All levels of breach are required to be logged within the Serious Incident to the Strategic Executive Information System (StEIS) as a learning portal for the NHS, and at the Practice-level through incident report forms/logs. Subsequent risks should also be included within the information risk register. These will need to be provided to the DPO on a regular basis to assess whether the mitigating actions are effective, and the risk minimised.

Should a potential or actual breach occur, please consult the Caldicott Guardian and the DPO.

Resources Used

Output Documentation

 

Learning points

  • The earlier data flow mapping exercise and DPIA should provide much of the information required for information risk management.
  • Your practice must appoint a DPO.
  • Be aware of what your DPO can and can’t do and ensure your Caldicott Guardian is aware of their responsibilities.
  • NHS Digital has issued a guide on incident reporting which must be followed.
  • All levels of breach are required to be logged on StEIS and on Practice incident report forms/logs.

 

Practice checklist

  • To do 26 Check whether information risks have been recorded in your risk registers and that mitigating controls are in place. Look at your data flow mapping and DPIAs.
  • To do 27 Conduct a physical audit in your practice – test staff awareness and processes, to see if there are any potential information risks or training needs
  • To do 28 Review the example information risk register and update for your practice
  • To do 29 Review the Information Governance Staff Handbook to check you are following best practice, if not update your information risk register
  • To do 30 Discuss the future provision of a DPO for your practice (at a practice or CCG or Federation level) and if you have not done so already make arrangements to appoint one in 2019.
  • To do 31 Ensure you have decision-making function and approval process in place (Practice Caldicott Guardian)
  • To do 32 Make sure you have an incident reporting policy in place. The policy should include the reporting mechanism and roles the breach is reported to.
  • To do 33 Review the NHS Digital’s Incident Reporting guidance, and ensure you follow guidance.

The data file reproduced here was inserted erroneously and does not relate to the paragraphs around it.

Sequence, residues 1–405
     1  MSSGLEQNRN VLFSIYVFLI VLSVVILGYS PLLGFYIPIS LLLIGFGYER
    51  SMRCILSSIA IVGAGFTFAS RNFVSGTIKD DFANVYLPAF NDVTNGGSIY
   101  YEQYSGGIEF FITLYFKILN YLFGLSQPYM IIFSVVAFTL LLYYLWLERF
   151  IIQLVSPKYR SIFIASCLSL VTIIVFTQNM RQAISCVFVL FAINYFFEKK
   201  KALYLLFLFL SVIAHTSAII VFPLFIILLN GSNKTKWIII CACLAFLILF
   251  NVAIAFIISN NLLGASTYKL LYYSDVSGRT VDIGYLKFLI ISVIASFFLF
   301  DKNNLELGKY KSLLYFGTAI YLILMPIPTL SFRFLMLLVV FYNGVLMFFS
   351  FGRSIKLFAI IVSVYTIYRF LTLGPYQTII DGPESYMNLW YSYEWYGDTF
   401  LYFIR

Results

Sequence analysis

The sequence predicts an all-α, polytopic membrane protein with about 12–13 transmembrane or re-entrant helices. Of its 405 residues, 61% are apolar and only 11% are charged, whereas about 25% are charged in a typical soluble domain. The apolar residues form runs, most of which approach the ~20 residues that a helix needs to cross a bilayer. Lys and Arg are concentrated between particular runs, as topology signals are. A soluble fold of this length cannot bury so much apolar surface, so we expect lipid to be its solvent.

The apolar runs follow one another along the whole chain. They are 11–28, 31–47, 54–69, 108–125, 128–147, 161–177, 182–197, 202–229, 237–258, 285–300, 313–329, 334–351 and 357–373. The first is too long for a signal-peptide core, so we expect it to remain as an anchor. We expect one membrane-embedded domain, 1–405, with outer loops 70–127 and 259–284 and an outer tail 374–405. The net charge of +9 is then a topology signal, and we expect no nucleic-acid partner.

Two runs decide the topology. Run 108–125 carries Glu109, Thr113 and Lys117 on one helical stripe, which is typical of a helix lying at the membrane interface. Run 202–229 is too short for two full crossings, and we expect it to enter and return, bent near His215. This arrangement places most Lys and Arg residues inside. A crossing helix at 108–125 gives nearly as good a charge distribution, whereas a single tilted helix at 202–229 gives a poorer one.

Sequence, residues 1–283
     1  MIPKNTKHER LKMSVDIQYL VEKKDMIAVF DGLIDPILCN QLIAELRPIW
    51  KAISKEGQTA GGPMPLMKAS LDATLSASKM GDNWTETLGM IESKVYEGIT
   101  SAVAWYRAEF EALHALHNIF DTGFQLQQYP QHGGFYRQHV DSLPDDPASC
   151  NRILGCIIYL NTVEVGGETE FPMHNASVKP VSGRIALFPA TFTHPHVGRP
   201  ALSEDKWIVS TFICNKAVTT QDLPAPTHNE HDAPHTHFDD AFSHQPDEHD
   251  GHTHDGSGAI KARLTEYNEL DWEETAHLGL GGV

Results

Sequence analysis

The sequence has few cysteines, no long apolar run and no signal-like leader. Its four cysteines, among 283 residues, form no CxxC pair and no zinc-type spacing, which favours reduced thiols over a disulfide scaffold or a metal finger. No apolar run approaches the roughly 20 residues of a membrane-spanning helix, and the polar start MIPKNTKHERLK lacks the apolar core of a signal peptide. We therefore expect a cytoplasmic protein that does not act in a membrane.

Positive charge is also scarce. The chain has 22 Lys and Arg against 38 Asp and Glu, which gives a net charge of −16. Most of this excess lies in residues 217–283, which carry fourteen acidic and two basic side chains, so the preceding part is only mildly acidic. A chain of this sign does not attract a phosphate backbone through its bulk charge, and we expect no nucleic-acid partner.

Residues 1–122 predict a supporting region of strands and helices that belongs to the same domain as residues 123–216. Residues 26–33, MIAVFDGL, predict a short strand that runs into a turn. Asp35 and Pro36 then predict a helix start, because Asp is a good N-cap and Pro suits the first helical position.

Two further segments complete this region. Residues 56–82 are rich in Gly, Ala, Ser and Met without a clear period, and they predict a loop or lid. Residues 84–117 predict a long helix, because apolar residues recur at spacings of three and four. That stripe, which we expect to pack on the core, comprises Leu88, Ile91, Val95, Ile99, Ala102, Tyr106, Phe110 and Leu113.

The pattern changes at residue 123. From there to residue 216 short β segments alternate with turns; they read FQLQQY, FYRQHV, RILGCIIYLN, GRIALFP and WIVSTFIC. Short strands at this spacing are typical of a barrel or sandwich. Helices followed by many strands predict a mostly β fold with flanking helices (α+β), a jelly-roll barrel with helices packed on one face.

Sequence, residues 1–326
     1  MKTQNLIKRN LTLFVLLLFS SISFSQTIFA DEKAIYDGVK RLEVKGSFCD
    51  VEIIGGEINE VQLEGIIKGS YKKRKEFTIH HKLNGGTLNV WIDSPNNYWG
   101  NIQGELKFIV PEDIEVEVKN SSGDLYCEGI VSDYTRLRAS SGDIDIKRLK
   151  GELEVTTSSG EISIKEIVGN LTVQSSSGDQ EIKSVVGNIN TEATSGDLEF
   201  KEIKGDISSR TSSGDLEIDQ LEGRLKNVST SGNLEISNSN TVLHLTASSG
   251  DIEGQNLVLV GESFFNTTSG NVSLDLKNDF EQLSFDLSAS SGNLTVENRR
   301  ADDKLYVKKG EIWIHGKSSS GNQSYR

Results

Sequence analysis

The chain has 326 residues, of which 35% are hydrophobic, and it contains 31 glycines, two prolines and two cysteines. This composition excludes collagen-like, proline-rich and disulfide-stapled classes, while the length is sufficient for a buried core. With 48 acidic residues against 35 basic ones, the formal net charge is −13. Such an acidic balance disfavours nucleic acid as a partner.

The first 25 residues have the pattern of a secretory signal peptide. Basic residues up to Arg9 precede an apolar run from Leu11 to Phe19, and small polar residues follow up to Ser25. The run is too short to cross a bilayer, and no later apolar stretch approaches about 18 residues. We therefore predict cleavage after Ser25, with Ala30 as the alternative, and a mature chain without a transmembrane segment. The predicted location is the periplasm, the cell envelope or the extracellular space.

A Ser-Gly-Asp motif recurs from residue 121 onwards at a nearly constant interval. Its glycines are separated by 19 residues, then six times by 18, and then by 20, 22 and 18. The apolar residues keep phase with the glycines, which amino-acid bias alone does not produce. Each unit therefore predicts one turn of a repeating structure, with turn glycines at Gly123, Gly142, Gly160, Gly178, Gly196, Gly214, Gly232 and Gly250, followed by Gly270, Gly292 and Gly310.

Next session on 30.08.18

(Blog No. 9 due 04.09.18)

We will be looking at how we provide electronic access to patient records in routine circumstances and the issues around providing proxy access for children and patients who may lack capacity.

 

GDPR Accountability – No. 7

GDPR Accountability – No. 7

Introduction and comments

We made a change to our schedule this week, and instead of fair processing we have looked at the levels of accountability which we are required to demonstrate following GDPR:

  1. Practice accountability – the technical and organisation measures that need to be in place in order for us to be able to demonstrate this.
  2. 3rd party supplier accountability and contract management.

We will cover fair processing in a later blog and you can view the updated timetable here.

As an aside, we have continued to get many questions related to GDPR, and a recurring theme has been how to respond to various scenarios related to Subject Access Requests (SARs). I wanted to take this opportunity to clarify an important principle related to whether or not practices can levy a charge for SARs. We had previously, and in retrospect incorrectly, reflected an observation that it should be the purpose of the information which guides the decision to charge and if that purpose is the production of a medical report (regardless of who generates the report) then the practice can make a charge. We have now discussed this with the ICO and have had clarification that practices should only charge when they themselves are creating a medical report. In summary, then, we cannot charge a lawyer or insurance company who are requesting information on behalf of the patient even if that purpose is for the production of a medical report unless we have been asked to generate that report.